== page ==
In 2012, we pointed out how ridiculous it was that then Homeland Security boss Janet Napolitano, who self-described herself as a Luddite, admitted that she didn’t use email at all. This seemed troubling, given that DHS was ostensibly in charge of cybersecurity, and you’d hope that the boss would understand the basics of email. Of course, she later admitted to the real reason why she didn’t use email: it created a paper-trail that would make her too accountable….

In the wake of the recent (and absolutely ridiculous) story about DHS inspector general Charles Edwards and his litany of misdeeds, Shawn Musgrave, over at Muckrock, decided to file some FOIA requests for any emails between Edwards and Napolitano. In response, DHS gave a “no responsive records” answer, noting that (as many had reported), Napolitano didn’t use email.

However, as Musgrave points out, that’s not actually true.

There are multiple examples of emails “sent” by Napolitano that have been previously released — it’s just that it’s clear they were actually sent via a DHS staffer, rather than Napolitano herself. This is known because of another FOIA request from Musgrave, concerning any emails about Napolitano’s resignation from DHS, which turned up (ta da!) an email sent by a (redacted) staffer on behalf of Napolitano:

And, it turns out that this is not the only example of an email “from” Napolitano. Others have been discovered as well. So, that raises a serious question: when filing a FOIA request with DHS for Napolitano emails, shouldn’t the emails that were sent using her “signature” count, even if sent by a staffer? As Musgrave notes:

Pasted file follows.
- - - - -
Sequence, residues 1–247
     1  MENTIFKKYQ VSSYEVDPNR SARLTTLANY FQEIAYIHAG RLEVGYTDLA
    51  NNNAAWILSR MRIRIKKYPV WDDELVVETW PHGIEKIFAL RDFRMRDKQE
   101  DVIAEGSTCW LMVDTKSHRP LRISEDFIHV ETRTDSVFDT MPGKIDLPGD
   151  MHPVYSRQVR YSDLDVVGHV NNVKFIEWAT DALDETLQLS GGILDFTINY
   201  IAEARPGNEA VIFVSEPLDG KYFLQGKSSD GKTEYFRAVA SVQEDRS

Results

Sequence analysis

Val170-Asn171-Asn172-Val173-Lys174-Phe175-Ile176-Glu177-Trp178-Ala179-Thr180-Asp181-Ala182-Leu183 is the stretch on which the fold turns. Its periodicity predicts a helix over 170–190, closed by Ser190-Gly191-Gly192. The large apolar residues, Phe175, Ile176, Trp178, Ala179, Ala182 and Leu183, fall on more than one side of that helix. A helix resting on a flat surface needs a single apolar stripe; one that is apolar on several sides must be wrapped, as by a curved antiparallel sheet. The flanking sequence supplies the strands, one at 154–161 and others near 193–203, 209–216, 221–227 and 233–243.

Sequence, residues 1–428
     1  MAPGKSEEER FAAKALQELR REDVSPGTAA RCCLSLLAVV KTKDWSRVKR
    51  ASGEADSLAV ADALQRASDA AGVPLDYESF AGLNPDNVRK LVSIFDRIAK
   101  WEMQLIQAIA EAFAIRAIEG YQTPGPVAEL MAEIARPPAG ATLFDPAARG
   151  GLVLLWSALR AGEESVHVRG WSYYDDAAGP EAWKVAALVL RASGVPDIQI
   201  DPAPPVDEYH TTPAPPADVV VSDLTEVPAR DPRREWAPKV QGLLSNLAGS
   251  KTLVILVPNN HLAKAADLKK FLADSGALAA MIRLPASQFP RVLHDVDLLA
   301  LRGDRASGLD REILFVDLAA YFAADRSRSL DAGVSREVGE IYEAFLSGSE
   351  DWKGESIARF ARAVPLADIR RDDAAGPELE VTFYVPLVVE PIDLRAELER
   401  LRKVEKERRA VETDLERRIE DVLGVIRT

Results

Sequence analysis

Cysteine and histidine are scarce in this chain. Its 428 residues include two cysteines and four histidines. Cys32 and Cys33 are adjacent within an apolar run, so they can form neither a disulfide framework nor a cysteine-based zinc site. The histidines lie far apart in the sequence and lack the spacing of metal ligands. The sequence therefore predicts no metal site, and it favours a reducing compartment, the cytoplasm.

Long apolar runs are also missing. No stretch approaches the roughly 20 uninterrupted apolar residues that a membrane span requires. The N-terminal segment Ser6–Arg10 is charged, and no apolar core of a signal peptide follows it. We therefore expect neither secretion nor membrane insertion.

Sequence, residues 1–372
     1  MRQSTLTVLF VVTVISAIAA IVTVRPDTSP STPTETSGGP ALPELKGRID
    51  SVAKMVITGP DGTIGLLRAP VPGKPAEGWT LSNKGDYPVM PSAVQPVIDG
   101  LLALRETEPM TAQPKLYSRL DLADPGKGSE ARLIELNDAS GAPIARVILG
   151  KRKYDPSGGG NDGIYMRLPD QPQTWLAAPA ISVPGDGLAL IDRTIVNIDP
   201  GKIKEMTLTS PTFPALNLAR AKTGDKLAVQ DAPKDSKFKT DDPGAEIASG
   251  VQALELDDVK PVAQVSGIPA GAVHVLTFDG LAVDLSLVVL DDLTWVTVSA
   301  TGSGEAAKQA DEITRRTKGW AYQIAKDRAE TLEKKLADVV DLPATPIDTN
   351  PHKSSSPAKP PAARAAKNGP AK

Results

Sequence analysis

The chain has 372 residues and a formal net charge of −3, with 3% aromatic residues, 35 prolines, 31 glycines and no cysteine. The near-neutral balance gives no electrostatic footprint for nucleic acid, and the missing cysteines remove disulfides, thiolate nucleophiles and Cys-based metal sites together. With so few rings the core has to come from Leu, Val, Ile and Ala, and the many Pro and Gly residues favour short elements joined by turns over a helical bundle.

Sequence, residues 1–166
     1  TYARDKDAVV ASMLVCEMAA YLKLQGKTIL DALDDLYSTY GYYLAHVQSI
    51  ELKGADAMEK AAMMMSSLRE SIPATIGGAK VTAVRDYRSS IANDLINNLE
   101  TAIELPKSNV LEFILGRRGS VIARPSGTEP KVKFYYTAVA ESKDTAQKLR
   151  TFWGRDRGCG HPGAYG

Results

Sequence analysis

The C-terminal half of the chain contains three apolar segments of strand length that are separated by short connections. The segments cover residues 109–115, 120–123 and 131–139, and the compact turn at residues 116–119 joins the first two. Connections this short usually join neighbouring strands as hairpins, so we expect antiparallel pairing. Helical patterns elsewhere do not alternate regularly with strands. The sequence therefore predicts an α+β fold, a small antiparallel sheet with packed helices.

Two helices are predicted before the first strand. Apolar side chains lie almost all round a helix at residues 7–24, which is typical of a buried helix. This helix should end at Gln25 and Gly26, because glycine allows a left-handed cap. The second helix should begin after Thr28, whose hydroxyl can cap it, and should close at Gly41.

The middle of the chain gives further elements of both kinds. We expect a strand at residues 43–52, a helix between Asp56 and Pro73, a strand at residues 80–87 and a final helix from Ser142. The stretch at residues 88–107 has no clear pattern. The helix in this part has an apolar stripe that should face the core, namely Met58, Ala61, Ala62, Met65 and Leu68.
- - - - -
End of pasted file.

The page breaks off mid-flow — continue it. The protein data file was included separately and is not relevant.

There are two critical issues at play here. First is the guesswork this kind of email-by-proxy requires. Since emails like these didn’t originate from an account assigned to Ms. Napolitano, watchdogs would have to skim through an indeterminate number of inboxes to ferret out misconduct by the Secretary.

But the spirit of the Freedom of Information Act and transparency also requires government officials to conduct a good faith search for documents responsive to a particular request. Since Napolitano’s email aversion is common knowledge, particularly within DHS staff, a good faith search for emails “from” the Secretary requires more effort than reiterating that Napolitano declined to set up an email account during her tenure.

I have appealed the adequacy of DHS FOIA staff’s search to that effect, and intend to continue pressing for release of documents that outline the extent of improper contact between Edwards and senior DHS officials.

Allowing this kind of thing to happen without pushback will present an easy blueprint for other government officials to avoid having their own emails easily FOIA’d, and that would be a big problem.

If DHS Boss Has A Staffer Write Her Emails… Does It Count As Her Email Under A FOIA Request?

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